Hearing Aids: What's New - And Right for You
By Jennifer Gehlen, Educational Specialist at Siemens Hearing Instruments
After a certain age, we sometimes avoid invitations to what we anticipate will be noisy social gatherings. This isn’t because we’ve suddenly lost interest in our friends and family — rather, we’d like to avoid the frustration and embarrassment of not being able to hear and converse in these challenging situations.
One in 6 members of the “Baby Boomer” generation experiences hearing problems, yet only one out of four who would benefit from the advanced hearing solutions available takes advantage of the opportunity. If you’re someone who could really use some help hearing, but has hesitated to take the next step to treat your hearing loss, here are some technological advances that may convince you.
Great power — tiny packages.
Believe it or not, today’s digital technology holds more processing power than the computer that sent the first space shuttle into orbit, all packed into hearing aids that have become so tiny and discreet they are often unnoticeable — nothing like the clunky beige devices you might remember your grandparents wearing. There are options that sit completely behind your ear with clear tubes connecting to earpieces that are virtually impossible to see. Or there are custom-made instruments so tiny they are called “invisible-in-the-canal” — absolutely no one will know you’re wearing hearing aids unless you tell them.
Safe from the elements.
Water-resistant options mean you don’t have to worry if you wear them in the rain or tend to perspire. There is even a completely waterproof option on the market that allows you to swim underwater with your hearing aids in! Wind screening technology allows you to hear clearly with the car windows open while driving, golfing, or enjoying other outdoor activities.
Hear what you want to hear.
In fact, overall hearing aid technology has vastly improved over the past decade, particularly when it comes to hearing speech in noisy situations like crowded restaurants or cocktail parties. The use of directional microphones to pick up a voice coming from in front, behind, or to either side of the listener, combined with super-fast analysis and processing, allows some hearing aid wearers to hear even better than their counterparts with normal hearing in these difficult environments. Noise reduction technology keeps you hearing comfortably in noisy situations, reducing the fatigue that comes from straining to catch every word someone is saying over loud music or chatter.
Relief from ringing in the ear.
For those who suffer from tinnitus (ringing or buzzing in the ear not due to any outside source) several hearing aids on the market include therapeutic features to reduce that aggravation. They provide relief by generating “white” or “pink” noise to counteract tinnitus, helping you to hear better while suppressing the distracting buzz.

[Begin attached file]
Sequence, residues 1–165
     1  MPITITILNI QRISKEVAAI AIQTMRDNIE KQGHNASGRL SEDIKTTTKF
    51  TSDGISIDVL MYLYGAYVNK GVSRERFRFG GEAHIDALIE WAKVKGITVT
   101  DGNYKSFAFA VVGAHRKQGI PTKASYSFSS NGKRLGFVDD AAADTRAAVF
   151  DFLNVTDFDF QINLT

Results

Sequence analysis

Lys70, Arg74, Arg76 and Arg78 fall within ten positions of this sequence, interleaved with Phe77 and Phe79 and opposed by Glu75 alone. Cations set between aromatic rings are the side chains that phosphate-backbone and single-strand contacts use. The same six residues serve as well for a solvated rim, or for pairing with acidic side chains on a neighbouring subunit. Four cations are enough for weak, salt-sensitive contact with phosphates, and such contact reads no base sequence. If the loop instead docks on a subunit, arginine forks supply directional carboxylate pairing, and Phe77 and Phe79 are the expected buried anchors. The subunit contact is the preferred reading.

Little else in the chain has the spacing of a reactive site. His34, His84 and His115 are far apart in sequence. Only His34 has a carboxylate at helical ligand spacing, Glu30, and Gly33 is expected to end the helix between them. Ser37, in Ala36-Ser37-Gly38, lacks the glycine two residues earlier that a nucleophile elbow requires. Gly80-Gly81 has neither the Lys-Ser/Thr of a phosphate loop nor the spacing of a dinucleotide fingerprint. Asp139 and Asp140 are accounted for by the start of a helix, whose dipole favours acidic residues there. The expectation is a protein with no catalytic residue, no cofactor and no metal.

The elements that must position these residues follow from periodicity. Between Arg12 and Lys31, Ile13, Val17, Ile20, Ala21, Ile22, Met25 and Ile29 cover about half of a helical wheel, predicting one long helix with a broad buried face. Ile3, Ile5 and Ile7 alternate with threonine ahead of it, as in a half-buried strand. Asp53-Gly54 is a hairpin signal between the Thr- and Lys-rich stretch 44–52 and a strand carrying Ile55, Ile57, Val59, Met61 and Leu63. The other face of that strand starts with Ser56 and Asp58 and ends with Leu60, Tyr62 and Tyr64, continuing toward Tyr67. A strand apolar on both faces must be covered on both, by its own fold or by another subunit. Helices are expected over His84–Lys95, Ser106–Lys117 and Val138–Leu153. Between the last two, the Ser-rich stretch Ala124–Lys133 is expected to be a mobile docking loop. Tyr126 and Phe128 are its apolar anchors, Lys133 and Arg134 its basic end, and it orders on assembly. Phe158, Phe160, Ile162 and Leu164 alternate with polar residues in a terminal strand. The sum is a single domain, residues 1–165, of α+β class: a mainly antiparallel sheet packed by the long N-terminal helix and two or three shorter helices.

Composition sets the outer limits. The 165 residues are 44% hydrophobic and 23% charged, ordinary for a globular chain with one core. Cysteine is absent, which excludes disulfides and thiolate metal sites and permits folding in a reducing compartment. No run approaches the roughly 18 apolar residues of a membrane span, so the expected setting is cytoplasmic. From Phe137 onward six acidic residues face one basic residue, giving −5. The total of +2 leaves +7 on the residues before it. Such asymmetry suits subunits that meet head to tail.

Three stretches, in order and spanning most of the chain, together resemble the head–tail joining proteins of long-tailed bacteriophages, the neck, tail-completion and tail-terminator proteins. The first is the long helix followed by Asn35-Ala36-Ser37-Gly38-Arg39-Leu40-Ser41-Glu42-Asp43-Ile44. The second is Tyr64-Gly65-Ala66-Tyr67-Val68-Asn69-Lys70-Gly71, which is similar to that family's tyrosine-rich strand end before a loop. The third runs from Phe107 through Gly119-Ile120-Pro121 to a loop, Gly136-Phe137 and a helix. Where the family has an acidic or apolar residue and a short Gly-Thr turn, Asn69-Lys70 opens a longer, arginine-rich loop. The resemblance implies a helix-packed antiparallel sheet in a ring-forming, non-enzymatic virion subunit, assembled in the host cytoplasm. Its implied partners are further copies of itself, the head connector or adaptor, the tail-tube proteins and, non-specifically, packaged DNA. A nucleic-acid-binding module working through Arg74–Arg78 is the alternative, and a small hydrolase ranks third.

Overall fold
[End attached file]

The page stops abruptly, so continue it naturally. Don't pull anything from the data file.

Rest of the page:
No wires? No problem.
Did you know you can now stream music, telephone conversations, and soundtracks wirelessly into certain hearing aids through the use of Bluetooth®-compatible accessories? It is simple to pair these accessories with your smartphone, tablet, television, or other device and then sit back and enjoy clear sound without struggling to hear over background noise. Additionally, there are apps for hearing aids that allow you to change their settings —adjust their volume, select programs and audio sources right from your smartphone, so that all anyone else thinks is that you are sending a text message or checking email.
What you should do now.
Approximately 95 percent of people with hearing loss can regain their quality of life, live better and longer with the help of hearing aids (Better Hearing Institute, 2012). If you are ready to given the latest hearing aid technologya whirl, start with an evaluation by a qualified hearing care professional. It may take a little time to get used to wearing hearing aids, but once you do you’ll wonder why you waited so long to hear well again.
Dr. Gehlen is an Educational Specialist at Siemens Hearing Instruments. She provides training to customers and staff on Siemens technology, products and software via face-to-face meetings and virtual sessions. She holds an Au.D. from the University of Florida. At Siemens, she has previously held the roles of staff audiologist for manufacturing and support, and a field training consultant. She has practiced audiology and hearing aid fitting in a variety of clinical settings since 1993.